The Leadership Is Changing but the Strategy Is the Same
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McChrystal is out and Petraeus is back in, but the strategy remains the same, along with questions about whether it’s a recipe for success or for failure. We look at the prospects. Also, today's Supreme Court ruling weakens the Honest Services Law. On Reporter's Notebook, with a final score of 70 games to 68, a record-setting Wimbledon tennis match is called "both gripping and deadly dull."
Banner image; The President announces that he will appoint General Petraeus to take leadership of the mission to break the Taliban’s momentum, build Afghan capacity, and relentlessly apply pressure on al Qaeda, June 23, 2010. White House photo: Samantha Appleton
Supreme Court Ruling Weakens Honest Services Law ()
The Supreme Court today weakened a law passed to fight public corruption, saying what the law calls “honest services fraud” is too vague to constitute a crime. Some high-profile recent convictions could be in trouble. Solomon Wisenberg is a white-collar defense attorney in Washington, CD.
- Solomon Wisenberg: Attorney, Barnes & Thornburg
Petraeus to the Rescue ()
After President Obama read the first few paragraphs of Rolling Stone magazine's profile of General Stanley McChrystal, it was less than 48 hours before David Petraeus accepted command of US troops in Afghanistan. Petraeus will be implementing his own strategy, which will smooth his replacement of McChrystal. But "counterinsurgency" hasn't been working the way it's supposed to. The Taliban are tenacious, local officials are unreliable and US troops are frustrated. Petraeus rescued the war in Iraq during the Bush years, but said himself the war in Afghanistan was going to be tougher. Can he unify a dysfunctional team of military and civilian leaders? Can he meet the President's deadline of beginning a troop draw-down by July of next year?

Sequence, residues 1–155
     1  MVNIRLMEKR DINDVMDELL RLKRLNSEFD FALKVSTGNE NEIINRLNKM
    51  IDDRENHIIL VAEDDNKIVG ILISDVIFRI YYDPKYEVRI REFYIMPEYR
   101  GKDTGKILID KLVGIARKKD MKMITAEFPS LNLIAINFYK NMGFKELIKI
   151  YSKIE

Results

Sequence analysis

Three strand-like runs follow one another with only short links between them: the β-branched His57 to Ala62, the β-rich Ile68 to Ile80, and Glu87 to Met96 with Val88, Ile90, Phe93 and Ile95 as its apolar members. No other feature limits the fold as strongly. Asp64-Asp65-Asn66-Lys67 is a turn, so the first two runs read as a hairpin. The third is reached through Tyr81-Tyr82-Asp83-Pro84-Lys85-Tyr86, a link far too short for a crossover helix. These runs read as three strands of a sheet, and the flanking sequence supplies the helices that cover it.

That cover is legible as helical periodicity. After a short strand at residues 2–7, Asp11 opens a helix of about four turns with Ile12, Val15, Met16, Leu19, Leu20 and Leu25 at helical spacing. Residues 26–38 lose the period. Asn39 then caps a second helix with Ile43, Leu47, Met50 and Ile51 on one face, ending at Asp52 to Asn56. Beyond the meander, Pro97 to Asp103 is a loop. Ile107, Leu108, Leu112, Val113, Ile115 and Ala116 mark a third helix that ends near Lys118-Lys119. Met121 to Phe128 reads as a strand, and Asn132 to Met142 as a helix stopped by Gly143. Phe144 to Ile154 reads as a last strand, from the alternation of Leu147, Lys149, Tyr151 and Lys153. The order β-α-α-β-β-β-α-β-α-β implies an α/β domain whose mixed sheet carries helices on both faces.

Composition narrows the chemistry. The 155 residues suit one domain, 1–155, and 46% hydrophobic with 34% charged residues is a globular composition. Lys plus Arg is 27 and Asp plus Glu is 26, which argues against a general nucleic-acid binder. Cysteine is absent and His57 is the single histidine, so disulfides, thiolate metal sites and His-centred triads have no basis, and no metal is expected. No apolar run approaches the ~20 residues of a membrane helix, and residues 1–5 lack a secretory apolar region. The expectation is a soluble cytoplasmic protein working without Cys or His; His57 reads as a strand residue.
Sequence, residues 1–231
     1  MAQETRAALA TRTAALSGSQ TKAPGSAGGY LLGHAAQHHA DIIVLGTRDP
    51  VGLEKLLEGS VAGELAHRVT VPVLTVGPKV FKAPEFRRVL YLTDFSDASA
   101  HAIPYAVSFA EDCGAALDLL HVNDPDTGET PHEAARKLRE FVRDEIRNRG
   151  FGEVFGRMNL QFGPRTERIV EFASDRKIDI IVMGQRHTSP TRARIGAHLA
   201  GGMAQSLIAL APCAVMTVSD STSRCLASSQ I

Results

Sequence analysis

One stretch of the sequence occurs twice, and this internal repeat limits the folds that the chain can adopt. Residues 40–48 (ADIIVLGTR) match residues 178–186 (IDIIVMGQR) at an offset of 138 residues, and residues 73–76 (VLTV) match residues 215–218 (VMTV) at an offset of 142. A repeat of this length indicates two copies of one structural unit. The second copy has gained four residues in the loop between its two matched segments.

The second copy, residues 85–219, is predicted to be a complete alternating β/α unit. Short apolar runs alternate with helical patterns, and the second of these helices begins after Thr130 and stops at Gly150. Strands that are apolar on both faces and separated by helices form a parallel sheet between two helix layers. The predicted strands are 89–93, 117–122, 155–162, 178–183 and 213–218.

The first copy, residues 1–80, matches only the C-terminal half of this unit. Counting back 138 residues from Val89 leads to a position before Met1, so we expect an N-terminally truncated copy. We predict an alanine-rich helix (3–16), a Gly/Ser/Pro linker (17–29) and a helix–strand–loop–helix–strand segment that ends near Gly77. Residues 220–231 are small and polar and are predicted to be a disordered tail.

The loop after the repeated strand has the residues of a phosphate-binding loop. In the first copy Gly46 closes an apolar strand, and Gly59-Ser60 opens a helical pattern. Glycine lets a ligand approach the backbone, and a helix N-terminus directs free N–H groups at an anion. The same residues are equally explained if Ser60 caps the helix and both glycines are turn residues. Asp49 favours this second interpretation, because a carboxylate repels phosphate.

- Jonathan Weisman: Reporter, Wall Street Journal, @jonathanweisman
- Alissa Johannsen Rubin: Kabul Bureau Chief, New York Times, @alissanyt
- Robert Killebrew: Senior Fellow, Center for a New American Security
- Brian Katulis: Senior Fellow, Center for America Progress, @Katulis
The Longest Tennis Match in History ()
Neither is likely to be this year's Wimbledon Champion, but the winner and the loser got commemorative bowls today after a match that set records for games played, aces served and extraordinary endurance. American John Isner outlasted France's Nicolas Mahut after a match that took 11 hours and 5 minutes over three days at Wimbledon. The final score was 70 games to 68. Xan Brooks of the Guardian called it "a bizarre mix of the gripping and the deadly dull."
- Xan Brooks: Writer and Editor, Guardian newspaper
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